Structural Shifts in the Labor Market

by: Mark J. Perry

This city is grappling with one of the most troubling contradictions of the new economy: Even as it has one of the nation's highest unemployment rates, it has thousands of job openings.

The dilemma is becoming more common across the country as employers report increasing numbers of job openings (see chart above). But many of those jobs are not a good fit for those who are out of work. The reason, economists say, is that the recession accelerated the decline of some industries, such as housing construction, as others that require far different skills, including health care, emerged stronger. Some economists predict that this disconnect is likely to grow as the economy develops jobs that require more training.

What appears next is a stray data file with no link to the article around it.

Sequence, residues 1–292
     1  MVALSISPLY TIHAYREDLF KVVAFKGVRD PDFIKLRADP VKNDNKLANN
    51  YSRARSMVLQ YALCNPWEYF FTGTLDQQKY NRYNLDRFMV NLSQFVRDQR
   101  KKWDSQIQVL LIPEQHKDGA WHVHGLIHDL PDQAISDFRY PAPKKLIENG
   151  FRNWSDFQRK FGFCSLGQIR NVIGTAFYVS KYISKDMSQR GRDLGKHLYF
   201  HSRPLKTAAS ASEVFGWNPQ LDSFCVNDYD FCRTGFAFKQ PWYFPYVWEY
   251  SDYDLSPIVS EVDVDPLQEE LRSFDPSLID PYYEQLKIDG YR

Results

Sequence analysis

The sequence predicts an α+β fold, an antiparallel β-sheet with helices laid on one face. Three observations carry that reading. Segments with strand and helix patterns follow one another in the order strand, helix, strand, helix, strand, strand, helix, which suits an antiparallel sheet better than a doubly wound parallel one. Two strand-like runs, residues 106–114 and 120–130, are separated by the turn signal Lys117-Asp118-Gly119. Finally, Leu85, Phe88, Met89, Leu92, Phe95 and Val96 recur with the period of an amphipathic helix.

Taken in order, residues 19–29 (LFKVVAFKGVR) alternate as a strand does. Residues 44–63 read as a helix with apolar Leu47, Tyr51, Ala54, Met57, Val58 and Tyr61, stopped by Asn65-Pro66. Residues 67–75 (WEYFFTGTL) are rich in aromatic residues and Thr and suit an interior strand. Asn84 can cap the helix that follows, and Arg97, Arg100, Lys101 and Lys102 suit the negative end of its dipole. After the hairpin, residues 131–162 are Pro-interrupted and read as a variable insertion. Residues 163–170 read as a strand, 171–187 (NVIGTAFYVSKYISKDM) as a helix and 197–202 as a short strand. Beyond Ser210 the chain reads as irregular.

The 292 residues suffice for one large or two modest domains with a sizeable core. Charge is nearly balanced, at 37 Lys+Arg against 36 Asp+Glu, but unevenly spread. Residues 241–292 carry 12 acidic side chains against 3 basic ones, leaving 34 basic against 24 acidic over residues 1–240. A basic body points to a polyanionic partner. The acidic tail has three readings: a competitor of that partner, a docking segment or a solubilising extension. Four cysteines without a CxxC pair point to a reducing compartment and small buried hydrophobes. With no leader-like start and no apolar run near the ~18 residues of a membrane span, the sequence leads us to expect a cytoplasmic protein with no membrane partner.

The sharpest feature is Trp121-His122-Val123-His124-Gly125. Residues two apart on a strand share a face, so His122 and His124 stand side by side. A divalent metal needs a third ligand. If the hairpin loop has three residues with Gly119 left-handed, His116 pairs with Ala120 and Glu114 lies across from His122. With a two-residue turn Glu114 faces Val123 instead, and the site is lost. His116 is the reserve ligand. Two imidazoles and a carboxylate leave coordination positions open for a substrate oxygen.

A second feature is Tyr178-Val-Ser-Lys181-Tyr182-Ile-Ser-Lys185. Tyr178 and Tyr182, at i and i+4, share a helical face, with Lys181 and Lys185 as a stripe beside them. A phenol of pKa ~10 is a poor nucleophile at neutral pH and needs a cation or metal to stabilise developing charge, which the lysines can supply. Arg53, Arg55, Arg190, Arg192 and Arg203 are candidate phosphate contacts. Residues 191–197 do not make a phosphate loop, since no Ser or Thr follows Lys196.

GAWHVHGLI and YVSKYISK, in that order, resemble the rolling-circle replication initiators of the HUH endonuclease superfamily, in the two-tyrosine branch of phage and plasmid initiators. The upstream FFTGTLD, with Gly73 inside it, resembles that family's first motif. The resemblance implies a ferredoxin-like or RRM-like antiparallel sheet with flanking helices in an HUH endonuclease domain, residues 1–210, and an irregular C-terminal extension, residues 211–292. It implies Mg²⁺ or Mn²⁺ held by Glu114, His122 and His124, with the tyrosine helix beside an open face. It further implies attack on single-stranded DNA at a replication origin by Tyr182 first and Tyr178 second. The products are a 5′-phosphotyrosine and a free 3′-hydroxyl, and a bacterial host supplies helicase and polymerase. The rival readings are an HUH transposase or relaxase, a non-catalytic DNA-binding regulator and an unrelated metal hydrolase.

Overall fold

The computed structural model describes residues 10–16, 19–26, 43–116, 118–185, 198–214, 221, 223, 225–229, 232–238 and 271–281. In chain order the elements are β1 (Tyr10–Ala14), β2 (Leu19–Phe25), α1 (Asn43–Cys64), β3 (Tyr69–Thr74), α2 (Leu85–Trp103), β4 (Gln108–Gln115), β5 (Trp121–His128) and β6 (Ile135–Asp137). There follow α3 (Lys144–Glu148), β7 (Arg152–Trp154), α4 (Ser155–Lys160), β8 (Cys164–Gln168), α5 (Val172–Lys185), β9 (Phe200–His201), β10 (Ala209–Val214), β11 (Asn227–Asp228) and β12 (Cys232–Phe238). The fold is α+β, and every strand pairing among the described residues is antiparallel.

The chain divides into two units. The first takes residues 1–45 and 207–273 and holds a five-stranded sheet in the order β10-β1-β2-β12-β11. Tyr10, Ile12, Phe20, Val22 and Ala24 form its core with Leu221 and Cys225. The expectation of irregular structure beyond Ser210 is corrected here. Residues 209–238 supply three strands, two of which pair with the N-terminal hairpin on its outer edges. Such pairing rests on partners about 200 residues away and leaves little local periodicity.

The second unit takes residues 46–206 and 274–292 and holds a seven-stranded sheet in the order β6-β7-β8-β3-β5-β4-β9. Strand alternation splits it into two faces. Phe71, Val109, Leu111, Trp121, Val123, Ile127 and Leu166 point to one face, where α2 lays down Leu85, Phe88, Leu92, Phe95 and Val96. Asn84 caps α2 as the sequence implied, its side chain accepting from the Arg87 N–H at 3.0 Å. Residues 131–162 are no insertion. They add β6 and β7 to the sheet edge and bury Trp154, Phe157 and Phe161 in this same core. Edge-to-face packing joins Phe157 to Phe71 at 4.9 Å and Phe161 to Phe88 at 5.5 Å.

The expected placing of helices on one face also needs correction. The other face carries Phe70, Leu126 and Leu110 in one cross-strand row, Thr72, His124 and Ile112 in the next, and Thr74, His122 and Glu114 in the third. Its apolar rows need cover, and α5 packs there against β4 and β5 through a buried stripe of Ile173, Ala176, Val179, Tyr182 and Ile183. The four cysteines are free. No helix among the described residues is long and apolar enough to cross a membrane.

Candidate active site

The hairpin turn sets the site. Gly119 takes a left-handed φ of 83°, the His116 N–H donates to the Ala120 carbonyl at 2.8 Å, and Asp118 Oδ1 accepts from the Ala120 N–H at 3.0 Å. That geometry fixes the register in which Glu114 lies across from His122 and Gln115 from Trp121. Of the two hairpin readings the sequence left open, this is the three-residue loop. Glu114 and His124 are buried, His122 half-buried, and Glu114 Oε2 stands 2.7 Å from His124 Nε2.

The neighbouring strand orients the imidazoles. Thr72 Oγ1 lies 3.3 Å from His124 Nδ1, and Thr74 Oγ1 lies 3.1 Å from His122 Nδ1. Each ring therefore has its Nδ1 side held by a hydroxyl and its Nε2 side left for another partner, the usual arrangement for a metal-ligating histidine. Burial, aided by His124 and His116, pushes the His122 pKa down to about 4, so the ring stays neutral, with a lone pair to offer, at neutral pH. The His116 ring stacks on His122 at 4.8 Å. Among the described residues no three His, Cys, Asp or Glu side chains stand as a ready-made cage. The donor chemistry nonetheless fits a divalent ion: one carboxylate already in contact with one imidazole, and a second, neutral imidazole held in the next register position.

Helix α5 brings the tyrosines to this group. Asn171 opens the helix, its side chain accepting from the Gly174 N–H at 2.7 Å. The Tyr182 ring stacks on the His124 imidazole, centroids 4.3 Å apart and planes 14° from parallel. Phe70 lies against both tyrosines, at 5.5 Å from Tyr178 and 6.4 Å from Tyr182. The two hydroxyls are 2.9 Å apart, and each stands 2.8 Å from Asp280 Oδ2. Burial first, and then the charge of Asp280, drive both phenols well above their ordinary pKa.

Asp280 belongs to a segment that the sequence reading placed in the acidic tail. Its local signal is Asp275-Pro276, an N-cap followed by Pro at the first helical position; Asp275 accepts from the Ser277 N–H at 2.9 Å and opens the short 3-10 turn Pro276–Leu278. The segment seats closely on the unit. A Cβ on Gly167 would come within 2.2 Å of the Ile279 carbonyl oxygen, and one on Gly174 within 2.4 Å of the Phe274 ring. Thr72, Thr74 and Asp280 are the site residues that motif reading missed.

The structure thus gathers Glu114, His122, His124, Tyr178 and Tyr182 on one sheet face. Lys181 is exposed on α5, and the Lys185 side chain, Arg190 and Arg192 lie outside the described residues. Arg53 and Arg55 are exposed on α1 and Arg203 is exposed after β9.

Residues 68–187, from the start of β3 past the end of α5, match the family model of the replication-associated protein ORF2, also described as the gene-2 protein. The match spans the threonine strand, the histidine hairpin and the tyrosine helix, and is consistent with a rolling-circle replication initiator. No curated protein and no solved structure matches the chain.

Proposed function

2. Wall Street Journal

U.S. companies have commitment issues. Since the labor market hit bottom in December 2009, 27% of the 1.1 million jobs added have been temporary ones—triple the ratio of temps hired after the last recession ended in 2001. That could be great news for the labor market, since companies typically hire temps before expanding permanent staff. Or it may illustrate a shift in the U.S. work force.

Although the 27% ratio of temps hired since December 2009 might be higher than in 2002, that might be only because the ratio of temporary-to-total private sector jobs fell to a lower level in 2009 than in 2001 (see chart). As a percent of total private jobs, the 2.04% in December 2010 is about the same as the 2002-2003 post-recession period.

Taken together, there probably will be two structural shifts in the labor market moving forward: a) increases in labor demand that won't necessarily match the skills of the currently unemployed workers, meaning that many of those unemployed will need re-training and more education to gain the skills required by employers in 2011 and 2012, and b) increased reliance on contract, temporary and freelance workers going forward, to give companies greater flexibility in their workforce and staffing needs.